Michael Wenman currently is tackling how to create & design geomorphs on his blog in a fascinating (currently 10-part) series.

OSR Game System Listing

And if you're looking for various OSR systems that you might want to go through for source material and perhaps some cool game mechanic hacks for a one-shot, a short campaign, or a permanent house rule -- look no further than the D&D retroclone / neo-clone listing on Taxidermic Owlbear! Logos and links and short summaries aplenty!

Wednesday, August 13, 2014

An Eye on the 5th: D&D Basic v2 (for Players and DM)

It seems that there's a new version of of the Basic D&D ruleset out on the Wizards of the Coast website.

What used to just be a single document (in standard and printer-friendly formats) is now a set of two documents -- one for the Players, and one for the Dungeon Master.

Here's what the change log says about the revised contents:
Change Log

This change log indicates significant updates from the previous version of the D&D Basic Rules.

  •     Added acid splash and poison spray spells.
  •     Added noble background.
  •     Added appendix containing the Forgotten Realms deities.
  •     Added appendix containing descriptions of the five factions that feature in the D&D Adventurers League.
  •     Legal text added to the footer to allow reproduction for personal purposes.

Of course, it seems that this only tackles the Player's side of things.

In the DM's book, there's a huge section about Monsters, covering monster types, abilities, AC and Proficiency, and then giving a listing of monsters for use in the game. It also provides NPC templates and ways to customize them to your needs. There's also advice on building combat encounters, rules on magic items, and a short list of them.

Looking forward to future updates!

Monday, August 11, 2014

Strike Hard And Fade Away Into The Night: TMNT

There's even a short comic inside this sucker. Awesome stuff. Didn't play this game enough, and probably won't ever again.

And I'm going to give this to a good friend soon, so this is kinda farewell to this game.

Good luck, TMNT RPG. May your new owner use you well.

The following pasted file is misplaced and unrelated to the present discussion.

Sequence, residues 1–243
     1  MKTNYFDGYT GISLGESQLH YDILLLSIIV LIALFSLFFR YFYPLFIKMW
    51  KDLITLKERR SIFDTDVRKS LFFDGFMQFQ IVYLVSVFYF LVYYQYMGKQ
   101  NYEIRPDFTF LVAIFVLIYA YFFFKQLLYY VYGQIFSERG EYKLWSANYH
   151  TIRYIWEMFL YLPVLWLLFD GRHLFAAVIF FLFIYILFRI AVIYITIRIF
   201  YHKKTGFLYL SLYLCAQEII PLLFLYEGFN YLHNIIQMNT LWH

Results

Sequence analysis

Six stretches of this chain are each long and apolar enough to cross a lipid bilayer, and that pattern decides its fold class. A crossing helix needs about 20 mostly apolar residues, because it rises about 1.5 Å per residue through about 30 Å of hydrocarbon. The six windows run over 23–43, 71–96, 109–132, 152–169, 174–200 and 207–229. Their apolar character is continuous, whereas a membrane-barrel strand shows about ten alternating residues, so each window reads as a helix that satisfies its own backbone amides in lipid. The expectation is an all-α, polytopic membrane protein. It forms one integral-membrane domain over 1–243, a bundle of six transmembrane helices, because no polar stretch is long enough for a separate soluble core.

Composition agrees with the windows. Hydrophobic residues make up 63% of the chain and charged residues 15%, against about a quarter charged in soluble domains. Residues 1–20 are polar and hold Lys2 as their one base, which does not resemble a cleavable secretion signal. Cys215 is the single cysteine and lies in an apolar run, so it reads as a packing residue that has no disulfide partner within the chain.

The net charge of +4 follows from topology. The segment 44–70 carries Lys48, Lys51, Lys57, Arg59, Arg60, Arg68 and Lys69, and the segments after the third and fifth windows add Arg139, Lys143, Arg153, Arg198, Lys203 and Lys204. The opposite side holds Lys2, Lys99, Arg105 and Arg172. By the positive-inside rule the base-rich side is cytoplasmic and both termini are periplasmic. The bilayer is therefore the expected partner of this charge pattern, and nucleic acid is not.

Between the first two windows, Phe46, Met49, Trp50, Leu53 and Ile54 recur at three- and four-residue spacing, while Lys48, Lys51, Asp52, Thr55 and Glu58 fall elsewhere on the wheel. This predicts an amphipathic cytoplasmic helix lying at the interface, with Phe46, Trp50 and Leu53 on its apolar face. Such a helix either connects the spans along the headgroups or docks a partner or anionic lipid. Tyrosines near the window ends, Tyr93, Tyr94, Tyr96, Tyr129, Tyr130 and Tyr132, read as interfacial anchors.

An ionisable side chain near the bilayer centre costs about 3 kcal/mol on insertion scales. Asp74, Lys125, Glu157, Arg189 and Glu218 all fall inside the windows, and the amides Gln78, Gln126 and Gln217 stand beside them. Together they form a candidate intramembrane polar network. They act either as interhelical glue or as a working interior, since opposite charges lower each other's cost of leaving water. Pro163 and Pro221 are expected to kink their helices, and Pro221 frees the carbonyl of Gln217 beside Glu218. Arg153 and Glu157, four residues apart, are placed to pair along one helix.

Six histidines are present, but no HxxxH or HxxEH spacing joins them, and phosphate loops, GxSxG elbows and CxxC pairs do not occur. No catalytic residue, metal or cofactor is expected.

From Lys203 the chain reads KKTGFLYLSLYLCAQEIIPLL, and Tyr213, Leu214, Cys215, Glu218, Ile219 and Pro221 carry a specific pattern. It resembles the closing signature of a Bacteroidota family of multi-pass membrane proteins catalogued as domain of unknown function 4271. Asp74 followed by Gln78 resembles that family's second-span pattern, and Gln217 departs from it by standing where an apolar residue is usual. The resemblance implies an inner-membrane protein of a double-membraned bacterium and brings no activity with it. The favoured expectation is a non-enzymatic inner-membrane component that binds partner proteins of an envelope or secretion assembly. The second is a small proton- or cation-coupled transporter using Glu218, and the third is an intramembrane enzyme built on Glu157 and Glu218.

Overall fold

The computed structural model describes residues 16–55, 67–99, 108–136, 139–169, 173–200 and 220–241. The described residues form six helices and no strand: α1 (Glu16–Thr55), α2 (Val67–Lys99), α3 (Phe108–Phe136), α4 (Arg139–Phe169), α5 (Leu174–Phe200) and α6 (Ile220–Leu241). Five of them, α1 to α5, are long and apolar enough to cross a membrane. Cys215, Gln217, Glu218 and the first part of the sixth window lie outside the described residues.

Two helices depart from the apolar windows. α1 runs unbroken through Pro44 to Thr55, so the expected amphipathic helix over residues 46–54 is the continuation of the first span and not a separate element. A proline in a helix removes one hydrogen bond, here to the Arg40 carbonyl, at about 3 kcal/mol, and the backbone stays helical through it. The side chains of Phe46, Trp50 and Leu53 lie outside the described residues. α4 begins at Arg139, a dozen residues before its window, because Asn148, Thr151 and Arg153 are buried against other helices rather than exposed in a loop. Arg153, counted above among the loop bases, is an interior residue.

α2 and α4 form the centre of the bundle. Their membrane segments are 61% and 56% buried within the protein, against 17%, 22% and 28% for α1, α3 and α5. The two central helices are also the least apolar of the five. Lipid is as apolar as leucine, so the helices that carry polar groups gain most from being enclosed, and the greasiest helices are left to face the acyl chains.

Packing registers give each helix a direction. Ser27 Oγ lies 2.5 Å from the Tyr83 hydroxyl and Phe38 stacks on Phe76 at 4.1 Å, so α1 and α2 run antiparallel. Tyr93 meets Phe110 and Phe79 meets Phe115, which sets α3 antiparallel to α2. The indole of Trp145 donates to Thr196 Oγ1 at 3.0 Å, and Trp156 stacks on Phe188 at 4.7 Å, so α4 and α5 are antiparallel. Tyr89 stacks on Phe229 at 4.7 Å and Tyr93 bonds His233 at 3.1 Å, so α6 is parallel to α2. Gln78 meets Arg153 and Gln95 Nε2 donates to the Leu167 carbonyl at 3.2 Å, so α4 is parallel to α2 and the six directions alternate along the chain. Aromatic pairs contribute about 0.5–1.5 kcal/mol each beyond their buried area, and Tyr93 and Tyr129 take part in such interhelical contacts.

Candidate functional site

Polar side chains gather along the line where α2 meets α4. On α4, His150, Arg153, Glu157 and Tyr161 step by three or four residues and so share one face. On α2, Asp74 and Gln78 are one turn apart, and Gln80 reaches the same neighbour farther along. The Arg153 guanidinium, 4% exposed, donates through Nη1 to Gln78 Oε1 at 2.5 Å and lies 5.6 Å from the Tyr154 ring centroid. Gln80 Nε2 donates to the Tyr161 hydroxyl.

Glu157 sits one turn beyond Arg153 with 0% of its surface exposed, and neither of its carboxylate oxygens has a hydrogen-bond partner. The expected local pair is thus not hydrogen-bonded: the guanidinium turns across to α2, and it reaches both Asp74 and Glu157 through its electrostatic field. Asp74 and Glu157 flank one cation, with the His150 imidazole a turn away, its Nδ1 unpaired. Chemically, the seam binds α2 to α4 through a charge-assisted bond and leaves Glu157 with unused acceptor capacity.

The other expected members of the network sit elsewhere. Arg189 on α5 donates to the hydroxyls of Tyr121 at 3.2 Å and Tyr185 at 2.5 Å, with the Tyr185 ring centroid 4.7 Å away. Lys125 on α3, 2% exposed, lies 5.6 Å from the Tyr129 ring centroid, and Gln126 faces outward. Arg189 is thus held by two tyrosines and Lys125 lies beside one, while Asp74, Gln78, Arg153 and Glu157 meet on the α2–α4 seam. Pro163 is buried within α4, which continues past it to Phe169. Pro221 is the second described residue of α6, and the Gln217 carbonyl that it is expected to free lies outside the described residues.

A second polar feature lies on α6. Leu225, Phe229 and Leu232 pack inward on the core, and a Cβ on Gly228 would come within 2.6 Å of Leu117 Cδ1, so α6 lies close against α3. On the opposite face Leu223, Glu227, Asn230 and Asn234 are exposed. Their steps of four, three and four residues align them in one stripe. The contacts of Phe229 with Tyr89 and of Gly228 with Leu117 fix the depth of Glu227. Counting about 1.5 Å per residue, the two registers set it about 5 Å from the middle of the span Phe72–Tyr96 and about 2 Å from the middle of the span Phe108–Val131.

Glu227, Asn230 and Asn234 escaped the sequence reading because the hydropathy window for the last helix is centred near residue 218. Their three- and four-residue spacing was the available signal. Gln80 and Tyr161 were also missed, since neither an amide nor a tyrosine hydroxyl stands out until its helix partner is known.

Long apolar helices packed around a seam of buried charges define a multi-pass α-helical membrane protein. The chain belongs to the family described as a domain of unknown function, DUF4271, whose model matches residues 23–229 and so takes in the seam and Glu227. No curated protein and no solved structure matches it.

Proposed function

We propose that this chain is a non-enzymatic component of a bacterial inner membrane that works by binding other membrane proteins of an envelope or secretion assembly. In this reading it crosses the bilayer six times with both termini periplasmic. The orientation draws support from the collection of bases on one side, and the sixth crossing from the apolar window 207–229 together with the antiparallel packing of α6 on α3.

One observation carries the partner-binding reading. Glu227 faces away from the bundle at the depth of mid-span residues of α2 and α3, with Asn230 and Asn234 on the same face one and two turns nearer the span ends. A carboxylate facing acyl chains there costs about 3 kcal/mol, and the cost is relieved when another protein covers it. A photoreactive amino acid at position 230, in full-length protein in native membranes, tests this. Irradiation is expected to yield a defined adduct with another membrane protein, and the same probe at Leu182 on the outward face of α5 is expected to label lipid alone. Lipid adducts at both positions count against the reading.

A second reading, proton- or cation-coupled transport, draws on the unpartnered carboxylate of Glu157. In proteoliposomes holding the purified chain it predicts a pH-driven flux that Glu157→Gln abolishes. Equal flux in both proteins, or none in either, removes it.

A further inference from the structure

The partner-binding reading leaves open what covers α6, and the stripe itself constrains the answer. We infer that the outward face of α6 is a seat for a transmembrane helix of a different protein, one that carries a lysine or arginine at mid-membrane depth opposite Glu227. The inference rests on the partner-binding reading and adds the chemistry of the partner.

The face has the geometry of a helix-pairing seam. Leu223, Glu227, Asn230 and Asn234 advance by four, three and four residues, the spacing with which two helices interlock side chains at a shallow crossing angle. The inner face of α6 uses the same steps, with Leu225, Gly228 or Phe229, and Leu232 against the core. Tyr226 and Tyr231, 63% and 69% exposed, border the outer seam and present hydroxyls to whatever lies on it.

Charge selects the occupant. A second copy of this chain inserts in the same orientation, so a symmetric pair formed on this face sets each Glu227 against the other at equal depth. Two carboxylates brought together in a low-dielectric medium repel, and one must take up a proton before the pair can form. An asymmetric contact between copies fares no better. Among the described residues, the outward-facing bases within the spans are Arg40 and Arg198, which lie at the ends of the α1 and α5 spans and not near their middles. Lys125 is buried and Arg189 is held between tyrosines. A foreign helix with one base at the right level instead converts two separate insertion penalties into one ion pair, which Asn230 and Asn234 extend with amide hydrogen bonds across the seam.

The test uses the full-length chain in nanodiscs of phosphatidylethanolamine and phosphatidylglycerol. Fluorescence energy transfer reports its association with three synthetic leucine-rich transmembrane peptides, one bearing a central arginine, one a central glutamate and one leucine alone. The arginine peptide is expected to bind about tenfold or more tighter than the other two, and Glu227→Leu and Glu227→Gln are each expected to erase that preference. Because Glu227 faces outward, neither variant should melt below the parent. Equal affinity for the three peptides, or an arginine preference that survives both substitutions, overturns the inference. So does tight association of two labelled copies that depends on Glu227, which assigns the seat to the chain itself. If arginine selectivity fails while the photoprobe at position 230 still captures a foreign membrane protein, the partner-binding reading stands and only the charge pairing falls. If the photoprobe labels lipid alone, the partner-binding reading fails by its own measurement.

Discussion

I remember really being into the turtles back in the day, but then the cartoons started to veer sharply away from the source material in tone.

It wasn't always grim and gritty, after all. There was humor, science fiction, and pizza! But the mixture kinda went a bit weird for me. Oh, well. Good times.

Thursday, August 7, 2014

An Eye on the 5th: Bloggers on Basic

I've been enjoying a lot of the posts that have been going up on blogs regarding the current rules release for D&D 5th Edition. At the time of this writing, only the Basic version is up on the WOTC site, but there a quite a lot of blog posts out there that are not just reviewing it, but also posting new material, conversions from older editions, and useful stuff to help run games while we wait for the standard trifecta of books for the game to come out (PHB, DMG, MM).

Here are a few of those posts and links that I've found useful or interesting:

They Got The Math Right by Robb Minneman (on RPGGeek)

A short but informative post about how the math works out for D&D Basic so far. It has a table that displays how calculations were done, and has some interesting observations / analysis about the results:

"First thing to note: Modifiers top out at +11. There's a cap on a PC's ability at 20. Proficiency bonuses do not extend past +6. That means you can't get more than a +11 to a roll, ever. That "nearly impossible" DC 30 check? They mean it. Heck, a "Very Hard" (DC 25) check can really only be attempted once a PC gets up into the level 6-8 range, and even then it's going to be a rare success.

But the math scales very nicely. The fact that bonuses scale gently means that characters get more capable, but the game designers don't have to go through the contortions that the 3e and 4e writers did to continue to make challenges hold up. This is more like the 1e and 2e thief skills: Your chances of success keep going up as your level increases.

That's good! It doesn't break the verisimilitude of your PC becoming more powerful. You can actually try harder things and your chances of succeeding go up. It provides a tangible success meter for characters."

5E Backgrounds by Courtney Campbell (on Hack & Slash)

With character backgrounds emerging as an interesting way to further customize your 1st level character, this series of posts is adding to the available backgrounds by offering up a few new ones. Currently available at the time of this writing are: Torturer, Gravedigger, Farmer, Prisoner.